A majority of the clients included in the analysis lived in Washington State (n=303), Texas (n=163), Arizona (n=106), Montana (n=88), California (n=58), Idaho (n=55), and Pennsylvania (n=45). A smaller number were from Delaware (n=27), Illinois (n=21), Utah (n=18), New York (n=14), New Jersey (n=12), and Florida (n=10). Five or fewer clients lived in each of the following: Colorado, Wyoming, New Mexico, Ohio, Alabama, Georgia, Kentucky, Michigan, Nevada, Indiana, Louisiana, Minnesota, and North Carolina.

Data Collection Procedures

Baseline measures of depression are collected by IOP staff after intake and prior to the first group session. Upon joining their first group session, clients are moved to a breakout room within the video platform where they meet with an outcomes coordinator who shares the link to the web-based intake survey with them. If a client is unable to open the link within the platform, they are sent the link via email or text messaging. The process, repeated for the discharge survey, is scheduled to occur at each client’s final group session.

If clients are unable to complete the survey prior to discharge, they are sent the link via email or text messaging and offered a US $25 Amazon gift card for their time. The decision to offer a gift card was made in recognition of the time and effort the program was asking of the clients in completing the survey on their own time, outside of program hours. The amount offered is within ethical standards that would not be considered to be unduly influential [15-17]. It would, however, be enough to increase the likelihood that clients would see completion of the survey to be worthy of their time and attention [16,17].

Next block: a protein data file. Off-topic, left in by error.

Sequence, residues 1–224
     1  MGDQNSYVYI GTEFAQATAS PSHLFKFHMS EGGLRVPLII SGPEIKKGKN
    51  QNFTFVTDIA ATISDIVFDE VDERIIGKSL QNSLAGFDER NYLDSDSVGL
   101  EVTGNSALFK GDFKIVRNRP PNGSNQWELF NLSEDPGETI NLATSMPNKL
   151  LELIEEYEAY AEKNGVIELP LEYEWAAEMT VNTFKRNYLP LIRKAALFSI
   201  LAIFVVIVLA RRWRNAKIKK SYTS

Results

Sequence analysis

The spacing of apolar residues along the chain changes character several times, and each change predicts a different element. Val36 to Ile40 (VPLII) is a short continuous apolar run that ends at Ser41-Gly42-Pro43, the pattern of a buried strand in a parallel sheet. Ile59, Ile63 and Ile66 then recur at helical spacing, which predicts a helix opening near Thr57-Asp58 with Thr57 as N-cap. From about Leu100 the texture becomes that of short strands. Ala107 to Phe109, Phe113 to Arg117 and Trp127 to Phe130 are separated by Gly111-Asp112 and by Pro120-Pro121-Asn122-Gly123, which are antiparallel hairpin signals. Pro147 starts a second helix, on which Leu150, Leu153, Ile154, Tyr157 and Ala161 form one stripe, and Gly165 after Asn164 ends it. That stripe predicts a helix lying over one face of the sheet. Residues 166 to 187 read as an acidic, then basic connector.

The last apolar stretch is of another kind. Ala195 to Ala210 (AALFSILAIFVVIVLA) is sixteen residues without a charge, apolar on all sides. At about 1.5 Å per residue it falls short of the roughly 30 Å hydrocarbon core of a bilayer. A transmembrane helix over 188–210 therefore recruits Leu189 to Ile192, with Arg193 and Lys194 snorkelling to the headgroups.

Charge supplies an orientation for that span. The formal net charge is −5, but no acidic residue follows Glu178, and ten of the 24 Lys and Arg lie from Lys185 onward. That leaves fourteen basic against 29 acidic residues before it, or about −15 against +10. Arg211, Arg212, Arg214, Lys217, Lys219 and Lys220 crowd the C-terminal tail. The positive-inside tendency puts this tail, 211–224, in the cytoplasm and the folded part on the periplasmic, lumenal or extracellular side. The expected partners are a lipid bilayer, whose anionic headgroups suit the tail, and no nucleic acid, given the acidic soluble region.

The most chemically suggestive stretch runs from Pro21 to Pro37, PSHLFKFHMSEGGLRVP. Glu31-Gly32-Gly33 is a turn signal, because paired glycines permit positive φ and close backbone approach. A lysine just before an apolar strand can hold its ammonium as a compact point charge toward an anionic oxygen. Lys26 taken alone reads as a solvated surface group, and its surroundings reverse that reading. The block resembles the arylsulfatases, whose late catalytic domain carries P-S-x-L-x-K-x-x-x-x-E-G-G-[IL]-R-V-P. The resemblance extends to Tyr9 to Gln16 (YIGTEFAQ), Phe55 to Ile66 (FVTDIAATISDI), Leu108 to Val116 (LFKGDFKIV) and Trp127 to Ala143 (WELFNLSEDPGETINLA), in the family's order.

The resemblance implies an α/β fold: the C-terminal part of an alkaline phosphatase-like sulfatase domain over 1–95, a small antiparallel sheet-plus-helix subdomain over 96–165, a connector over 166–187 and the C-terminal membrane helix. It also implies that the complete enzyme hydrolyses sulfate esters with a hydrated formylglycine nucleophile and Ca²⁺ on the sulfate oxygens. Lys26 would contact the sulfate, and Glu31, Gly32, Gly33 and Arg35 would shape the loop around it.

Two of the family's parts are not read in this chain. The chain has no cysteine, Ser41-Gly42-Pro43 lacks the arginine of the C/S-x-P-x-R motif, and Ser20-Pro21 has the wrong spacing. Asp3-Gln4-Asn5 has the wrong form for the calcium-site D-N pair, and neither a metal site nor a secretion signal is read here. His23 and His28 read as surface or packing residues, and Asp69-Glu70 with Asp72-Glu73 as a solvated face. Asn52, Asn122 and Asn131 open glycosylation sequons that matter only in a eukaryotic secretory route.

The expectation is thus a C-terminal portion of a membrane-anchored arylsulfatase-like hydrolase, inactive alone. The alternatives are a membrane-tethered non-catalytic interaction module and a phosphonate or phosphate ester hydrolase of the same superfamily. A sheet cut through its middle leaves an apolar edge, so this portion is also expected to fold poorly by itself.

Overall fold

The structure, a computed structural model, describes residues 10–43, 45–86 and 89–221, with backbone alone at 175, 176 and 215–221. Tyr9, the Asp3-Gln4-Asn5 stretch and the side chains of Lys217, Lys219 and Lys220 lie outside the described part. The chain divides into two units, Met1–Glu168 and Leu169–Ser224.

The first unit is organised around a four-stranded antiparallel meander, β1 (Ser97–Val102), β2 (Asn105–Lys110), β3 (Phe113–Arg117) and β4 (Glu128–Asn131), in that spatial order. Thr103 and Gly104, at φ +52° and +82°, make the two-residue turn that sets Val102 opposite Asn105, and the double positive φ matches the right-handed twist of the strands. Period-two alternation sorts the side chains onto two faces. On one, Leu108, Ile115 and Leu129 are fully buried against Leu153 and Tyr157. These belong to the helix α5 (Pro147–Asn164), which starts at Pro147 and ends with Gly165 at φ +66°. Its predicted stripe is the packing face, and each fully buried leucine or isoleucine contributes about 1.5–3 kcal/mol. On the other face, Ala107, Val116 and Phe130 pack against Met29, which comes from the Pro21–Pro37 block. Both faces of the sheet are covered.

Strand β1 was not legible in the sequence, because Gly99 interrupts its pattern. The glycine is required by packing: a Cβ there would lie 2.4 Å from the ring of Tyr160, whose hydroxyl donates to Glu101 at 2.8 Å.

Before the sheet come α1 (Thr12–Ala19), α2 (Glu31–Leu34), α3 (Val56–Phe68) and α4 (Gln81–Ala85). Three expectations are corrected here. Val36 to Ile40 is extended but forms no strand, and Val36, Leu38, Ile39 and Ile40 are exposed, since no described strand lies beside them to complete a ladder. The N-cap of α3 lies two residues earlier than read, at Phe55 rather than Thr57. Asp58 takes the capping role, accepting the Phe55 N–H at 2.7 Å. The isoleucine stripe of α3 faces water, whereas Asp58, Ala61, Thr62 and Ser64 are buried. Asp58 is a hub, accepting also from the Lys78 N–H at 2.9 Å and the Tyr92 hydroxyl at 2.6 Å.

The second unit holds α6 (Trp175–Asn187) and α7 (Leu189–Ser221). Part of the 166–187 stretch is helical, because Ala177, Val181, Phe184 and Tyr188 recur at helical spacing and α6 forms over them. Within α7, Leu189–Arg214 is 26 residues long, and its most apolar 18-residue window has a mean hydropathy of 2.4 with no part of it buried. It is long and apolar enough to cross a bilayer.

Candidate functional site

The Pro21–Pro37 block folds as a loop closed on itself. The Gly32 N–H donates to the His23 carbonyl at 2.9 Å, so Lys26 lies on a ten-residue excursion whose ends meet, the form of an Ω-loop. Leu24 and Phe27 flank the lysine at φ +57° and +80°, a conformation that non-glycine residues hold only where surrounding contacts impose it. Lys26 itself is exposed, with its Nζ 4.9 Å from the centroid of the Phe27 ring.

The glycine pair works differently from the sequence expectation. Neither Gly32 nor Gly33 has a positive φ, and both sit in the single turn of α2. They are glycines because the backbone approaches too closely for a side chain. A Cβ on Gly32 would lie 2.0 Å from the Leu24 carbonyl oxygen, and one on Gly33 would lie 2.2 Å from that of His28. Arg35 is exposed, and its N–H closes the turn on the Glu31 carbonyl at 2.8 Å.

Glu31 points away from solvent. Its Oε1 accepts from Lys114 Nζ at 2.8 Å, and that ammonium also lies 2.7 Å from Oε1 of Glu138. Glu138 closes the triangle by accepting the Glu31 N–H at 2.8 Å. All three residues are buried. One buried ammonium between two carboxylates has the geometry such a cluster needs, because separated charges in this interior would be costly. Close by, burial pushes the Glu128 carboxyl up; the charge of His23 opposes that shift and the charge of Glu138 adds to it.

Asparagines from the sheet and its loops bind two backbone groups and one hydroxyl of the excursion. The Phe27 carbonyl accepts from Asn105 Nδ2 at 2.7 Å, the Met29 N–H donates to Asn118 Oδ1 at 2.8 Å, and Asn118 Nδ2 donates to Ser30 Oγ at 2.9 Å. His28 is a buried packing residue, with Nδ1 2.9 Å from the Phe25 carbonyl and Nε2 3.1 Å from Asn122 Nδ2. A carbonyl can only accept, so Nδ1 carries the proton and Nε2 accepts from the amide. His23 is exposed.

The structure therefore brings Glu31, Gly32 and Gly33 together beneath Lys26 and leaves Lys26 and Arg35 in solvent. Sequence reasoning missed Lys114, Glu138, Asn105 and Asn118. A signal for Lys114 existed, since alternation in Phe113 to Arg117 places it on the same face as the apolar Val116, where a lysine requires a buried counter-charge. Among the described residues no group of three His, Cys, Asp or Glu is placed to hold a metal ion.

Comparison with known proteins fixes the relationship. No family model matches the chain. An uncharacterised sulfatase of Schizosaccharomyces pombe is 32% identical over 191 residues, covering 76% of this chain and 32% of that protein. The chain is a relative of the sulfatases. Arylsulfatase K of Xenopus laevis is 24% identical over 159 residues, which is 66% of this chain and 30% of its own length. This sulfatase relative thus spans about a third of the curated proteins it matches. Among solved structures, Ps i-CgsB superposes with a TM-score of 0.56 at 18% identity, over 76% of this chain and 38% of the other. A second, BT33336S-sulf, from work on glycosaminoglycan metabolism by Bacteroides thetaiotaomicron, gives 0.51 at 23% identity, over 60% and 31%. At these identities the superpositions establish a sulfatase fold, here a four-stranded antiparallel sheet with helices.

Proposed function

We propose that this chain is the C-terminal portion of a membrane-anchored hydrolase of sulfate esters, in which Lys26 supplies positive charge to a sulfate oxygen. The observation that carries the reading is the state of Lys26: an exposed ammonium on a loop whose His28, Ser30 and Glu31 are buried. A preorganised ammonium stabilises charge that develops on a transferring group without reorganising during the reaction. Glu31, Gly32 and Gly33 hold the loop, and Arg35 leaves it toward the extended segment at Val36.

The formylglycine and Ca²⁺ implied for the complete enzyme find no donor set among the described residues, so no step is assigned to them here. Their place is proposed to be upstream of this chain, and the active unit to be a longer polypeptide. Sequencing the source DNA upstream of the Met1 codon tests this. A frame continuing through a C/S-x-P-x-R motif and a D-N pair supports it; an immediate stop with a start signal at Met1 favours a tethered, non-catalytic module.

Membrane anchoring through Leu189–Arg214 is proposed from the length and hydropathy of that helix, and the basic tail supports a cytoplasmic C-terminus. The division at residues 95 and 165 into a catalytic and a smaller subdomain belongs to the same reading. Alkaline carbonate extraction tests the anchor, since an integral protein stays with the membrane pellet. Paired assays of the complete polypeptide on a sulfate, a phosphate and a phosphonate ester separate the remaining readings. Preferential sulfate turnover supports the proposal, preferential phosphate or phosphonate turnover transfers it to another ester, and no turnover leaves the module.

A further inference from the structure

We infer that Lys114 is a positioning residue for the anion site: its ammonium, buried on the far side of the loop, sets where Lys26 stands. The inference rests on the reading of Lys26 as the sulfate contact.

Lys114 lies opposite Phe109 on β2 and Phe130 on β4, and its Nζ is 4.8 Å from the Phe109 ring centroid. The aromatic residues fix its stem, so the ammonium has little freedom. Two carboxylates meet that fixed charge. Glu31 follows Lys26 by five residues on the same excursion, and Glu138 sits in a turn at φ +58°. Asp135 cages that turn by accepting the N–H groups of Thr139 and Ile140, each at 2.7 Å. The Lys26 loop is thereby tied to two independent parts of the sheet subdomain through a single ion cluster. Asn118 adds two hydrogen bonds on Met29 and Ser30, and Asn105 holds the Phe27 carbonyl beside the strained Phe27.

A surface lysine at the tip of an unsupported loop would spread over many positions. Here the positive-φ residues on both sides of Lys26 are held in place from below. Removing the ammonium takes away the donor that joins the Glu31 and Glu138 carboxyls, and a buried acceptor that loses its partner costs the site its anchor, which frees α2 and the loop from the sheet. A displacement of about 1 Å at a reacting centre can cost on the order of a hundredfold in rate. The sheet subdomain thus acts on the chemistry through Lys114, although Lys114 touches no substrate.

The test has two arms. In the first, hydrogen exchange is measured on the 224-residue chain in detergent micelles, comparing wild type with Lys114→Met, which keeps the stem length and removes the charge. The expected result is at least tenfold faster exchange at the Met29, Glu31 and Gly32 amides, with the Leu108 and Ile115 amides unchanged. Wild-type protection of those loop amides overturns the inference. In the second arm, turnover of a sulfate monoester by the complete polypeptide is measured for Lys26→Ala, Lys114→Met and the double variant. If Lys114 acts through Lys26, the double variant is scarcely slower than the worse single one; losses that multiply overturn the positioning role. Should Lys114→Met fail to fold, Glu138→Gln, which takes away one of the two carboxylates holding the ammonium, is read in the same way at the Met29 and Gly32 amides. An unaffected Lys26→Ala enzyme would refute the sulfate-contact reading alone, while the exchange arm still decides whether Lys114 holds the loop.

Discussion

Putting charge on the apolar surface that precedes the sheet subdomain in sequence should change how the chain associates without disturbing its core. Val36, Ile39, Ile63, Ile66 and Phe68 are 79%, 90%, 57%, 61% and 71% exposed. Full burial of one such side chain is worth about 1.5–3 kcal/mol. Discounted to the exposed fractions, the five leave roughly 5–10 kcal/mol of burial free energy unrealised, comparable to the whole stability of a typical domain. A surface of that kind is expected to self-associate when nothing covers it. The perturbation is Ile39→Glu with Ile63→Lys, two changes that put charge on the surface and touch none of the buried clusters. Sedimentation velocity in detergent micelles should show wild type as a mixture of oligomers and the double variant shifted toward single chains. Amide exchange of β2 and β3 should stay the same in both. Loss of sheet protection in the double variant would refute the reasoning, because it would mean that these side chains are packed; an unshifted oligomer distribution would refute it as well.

IOP staff download the completed survey responses at the end of each month for internal reports and to share with the analysis team. The data are deidentified by IOP staff prior to uploading the file to a secure folder shared with the analysis team by removing names and assigning unique ID numbers.


Demographic characteristics are collected from respondents, including age, gender identity, and sexual orientation. Treatment characteristics are collected from administrative records and include diagnoses, intake and discharge dates, number of weeks in treatment, total number of sessions attended, and discharge status (ie, completed treatment, administrative discharge, transferred to a lower or higher level of care, or left against clinical advice).

Framework of PHQ-A

The PHQ-A is used to assess depression prior to and after treatment. PHQ-A is a self-report measure that uses a 9-item depression severity scale asking how bothered respondents have been in the past 2 weeks by symptoms such as “feeling down, depressed, irritable, or hopeless” and having “thoughts that you would be better off dead, or of hurting yourself in some way.” Response options range from 0 (not at all) to 3 (nearly every day). The PHQ-A has been found to have good diagnostic validity [18], and the Patient Health Questionnaire (PHQ-9), upon which the adolescent modified scale is based, was found to have good criterion validity [19]. Reliability for the clients included in analyses was very good, with a Cronbach α of 0.89.

Data Analysis Strategy

Descriptive statistics were used to summarize the client group as a whole. Means, SDs, minimums, and maximums were calculated for the following continuous variables: age, PHQ-A scores at intake, number of weeks, and treatment sessions attended. Frequencies were computed for the following categorical variables: comorbidity, symptom severity at intake, gender identity, sexual orientation, and discharge status.

Program Effectiveness